Seek out therapeutic care

Engaging with a therapist, being diligent with your medication, and making the changes you need to make to get better will determine your prognosis.

If the cost of therapy is becoming a burden consider talking to your therapist for a sliding scale option or the possibility of a pro bono case, and if that is not possible ask your therapist to refer you to someone who can take on your case at a much lower rate or for free. 

Your therapist will help you understand what is happening to you, might prescribe you medication if needed, and can help you tap into your own strengths that can help you adapt to challenges, changes, and overcome them.

Join a support group

Another thing you can do for yourself is to join a support group of people struggling with depression so that you can experience emotional support first hand within these communities and over time learn how to manage your challenges by learning from each other. 

It is possible that people with depression can also struggle with a sense of worthlessness, a feeling that you have nothing of value to offer. By joining a group that is open, empathetic, and growing towards healing, you and your experiences can be an excellent sense of support to someone else who is also in their early part of their journey. 

Seek out positive relationships

Like seeking out support in groups, seek out positive relationships in your life that do not judge and rather support you as you get better.

These can be friends, family and even past coworkers who offer support and a shoulder to learn on when you need it.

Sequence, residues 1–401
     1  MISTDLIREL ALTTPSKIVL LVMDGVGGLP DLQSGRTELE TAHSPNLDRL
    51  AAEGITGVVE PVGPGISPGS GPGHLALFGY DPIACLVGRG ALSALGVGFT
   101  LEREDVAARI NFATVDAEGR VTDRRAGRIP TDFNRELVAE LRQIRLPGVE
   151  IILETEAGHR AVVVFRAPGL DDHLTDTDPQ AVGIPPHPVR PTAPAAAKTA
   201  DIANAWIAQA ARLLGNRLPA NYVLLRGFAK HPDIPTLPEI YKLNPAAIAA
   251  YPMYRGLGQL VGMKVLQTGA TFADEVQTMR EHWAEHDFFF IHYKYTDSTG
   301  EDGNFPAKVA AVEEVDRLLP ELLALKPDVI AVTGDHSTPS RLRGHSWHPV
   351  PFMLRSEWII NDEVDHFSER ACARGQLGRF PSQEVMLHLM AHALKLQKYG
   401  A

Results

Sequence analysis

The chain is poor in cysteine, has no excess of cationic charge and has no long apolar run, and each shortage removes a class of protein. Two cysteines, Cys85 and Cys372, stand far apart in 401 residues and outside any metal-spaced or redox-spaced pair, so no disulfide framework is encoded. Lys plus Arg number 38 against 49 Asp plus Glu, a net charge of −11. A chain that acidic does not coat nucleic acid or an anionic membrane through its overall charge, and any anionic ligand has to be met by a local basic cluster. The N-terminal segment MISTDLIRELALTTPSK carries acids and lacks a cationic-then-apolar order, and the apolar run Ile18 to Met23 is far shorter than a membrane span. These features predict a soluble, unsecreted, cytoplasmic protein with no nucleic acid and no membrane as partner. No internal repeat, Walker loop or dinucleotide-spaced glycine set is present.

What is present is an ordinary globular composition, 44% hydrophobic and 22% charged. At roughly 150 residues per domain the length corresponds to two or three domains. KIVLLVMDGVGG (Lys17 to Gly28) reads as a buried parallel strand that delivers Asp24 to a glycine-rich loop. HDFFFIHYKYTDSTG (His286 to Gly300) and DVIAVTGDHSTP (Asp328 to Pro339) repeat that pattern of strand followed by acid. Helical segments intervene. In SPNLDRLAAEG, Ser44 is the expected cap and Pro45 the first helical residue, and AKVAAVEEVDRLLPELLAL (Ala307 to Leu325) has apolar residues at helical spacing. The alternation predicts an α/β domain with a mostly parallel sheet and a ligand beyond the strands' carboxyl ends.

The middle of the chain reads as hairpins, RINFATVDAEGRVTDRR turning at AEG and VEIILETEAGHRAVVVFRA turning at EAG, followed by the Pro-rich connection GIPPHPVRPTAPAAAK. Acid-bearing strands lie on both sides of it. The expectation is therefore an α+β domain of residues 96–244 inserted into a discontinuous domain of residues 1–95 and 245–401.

These positive relationships can enable you to heal as well as help you as you move forward in life. 

Focus on resting and recovering

The most important thing that you can do for yourself is to rest and focus on recovering, do not rush yourself to get better so that you can go back to school or go back to work. 

Instead, take time to eat well, rest well, exercise, give time to yourself to think and engage in things you used to like doing before you started working- be it reading comics, or playing video games, or walking your pet.

Take effort to engage in things that you love doing, explore new activities if you feel like it and explore the world around you. 

Developing awareness within communities, Policy development on a political scale, and community effort for interventions on various levels- youths, working populations, elderly, and within vulnerable populations as well. 

Conclusion

In this blog we tried to answer the question of “why are so many people depressed?” We also briefly explored what depression is and what one can do to manage depression.

References

American Psychiatric Association: Diagnostic and Statistical Manual of Mental Disorders: Diagnostic and Statistical Manual of Mental Disorders, Fifth Edition. Arlington, VA: American Psychiatric Association, 2013.

About Mental Health. Centre for Disease Control and Prevention. 28th June, 2021. Retrieved on 11th Dec 2021. https://www.cdc.gov/mentalhealth/learn/index.htm

Mental health: strengthening our response. WHO. 30th March 2018. Retrieved on 11th December 2021. https://www.who.int/news-room/fact-sheets/detail/mental-health-strengthening-our-response

Twenge.J. Why So Many People Are Stressed and Depressed. PsychologyToday. Retrieved on 9th February 2022. https://www.psychologytoday.com/us/blog/our-changing-culture/201410/why-so-many-people-are-stressed-and-depressed

Petty.A. Why Is Everyone I Know Depressed? Great List. Retrieved on 9th February 2022. https://greatist.com/live/why-is-everyone-i-know-depressed#1

COVID-19 Mental Disorders Collaborators. Global prevalence and burden of depressive and anxiety disorders in 204 countries and territories in 2020 due to the COVID-19 pandemic. Lancet. 2021 Nov 6;398(10312):1700-1712. doi: 10.1016/S0140-6736(21)02143-7. Epub 2021 Oct 8. PMID: 34634250; PMCID: PMC8500697.